Yet, anyone who has actually read the primary sources — not the internet’s reimagining of them — concurs with my characterization. For instance, Stanford Professor Emeritus Carol Delaney, who left her tenured university position to dedicate ten years of her life to travel the world in the study of Columbus artifacts in order to write her book Columbus and the Quest for Jerusalem — and who is truly an unparalleled world-expert on Christopher Columbus — agrees that all the tired calumny repeatedly levied against him is simply a collection of lies. “[H]e’s been terribly maligned,” she wrote of Columbus, by revisionists who are “blaming [him] for things he didn’t do.” And that, dear reader, is the reason for this exposé.
In the months to come, I, with the help of Broad + Liberty, will continue to bring you a series of articles about Christopher Columbus, entitled “Christopher Columbus: The Greatest Hero of the Fifteenth and Sixteenth Centuries as Revealed by the Primary Historical Sources,” to put to rest these lies of the cultural majoritarians. Following this introduction, my first substantive article on the man will chronicle Columbus’s birth and early life, putting a real, human face on the near-mythical historical figure Columbus has become. The subsequent articles will detail his First, Second, Third and Fourth Voyages; the world-changing events they spawned; his lifelong and tireless civil rights activism on behalf of the indigenes of the New World; and his continued efforts to his dying day as their champion.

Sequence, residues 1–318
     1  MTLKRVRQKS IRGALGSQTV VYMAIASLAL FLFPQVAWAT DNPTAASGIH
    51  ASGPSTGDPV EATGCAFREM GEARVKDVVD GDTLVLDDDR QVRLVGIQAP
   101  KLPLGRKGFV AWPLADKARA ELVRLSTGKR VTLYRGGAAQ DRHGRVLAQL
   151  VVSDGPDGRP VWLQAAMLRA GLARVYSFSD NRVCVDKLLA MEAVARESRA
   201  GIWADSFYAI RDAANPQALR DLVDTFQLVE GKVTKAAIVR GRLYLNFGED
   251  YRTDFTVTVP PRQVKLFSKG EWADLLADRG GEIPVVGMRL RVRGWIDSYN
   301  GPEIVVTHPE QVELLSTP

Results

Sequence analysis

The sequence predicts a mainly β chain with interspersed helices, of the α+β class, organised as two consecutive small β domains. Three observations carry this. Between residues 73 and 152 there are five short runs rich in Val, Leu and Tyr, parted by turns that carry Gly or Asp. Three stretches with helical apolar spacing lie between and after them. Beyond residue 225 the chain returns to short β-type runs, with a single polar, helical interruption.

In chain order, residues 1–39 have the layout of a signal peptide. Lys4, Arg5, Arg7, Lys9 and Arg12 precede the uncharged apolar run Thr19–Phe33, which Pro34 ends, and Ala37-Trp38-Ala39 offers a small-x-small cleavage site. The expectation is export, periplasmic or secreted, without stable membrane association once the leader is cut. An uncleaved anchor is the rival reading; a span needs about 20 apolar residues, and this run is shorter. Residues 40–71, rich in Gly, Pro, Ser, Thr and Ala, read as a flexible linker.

Should you honor me by continuing to the end of this series, it will conclude with an account of the civil rights legacy his life and efforts spawned through those that proudly modeled themselves after “the illustrious Genoese” Christopher Columbus, the first civil rights activist of the Americas, our first Founding Father and the greatest hero of the Fifteenth and Sixteenth Centuries.
Robert Petrone, Esq. is a civil rights author and attorney, and local Philadelphia expert on Christopher Columbus.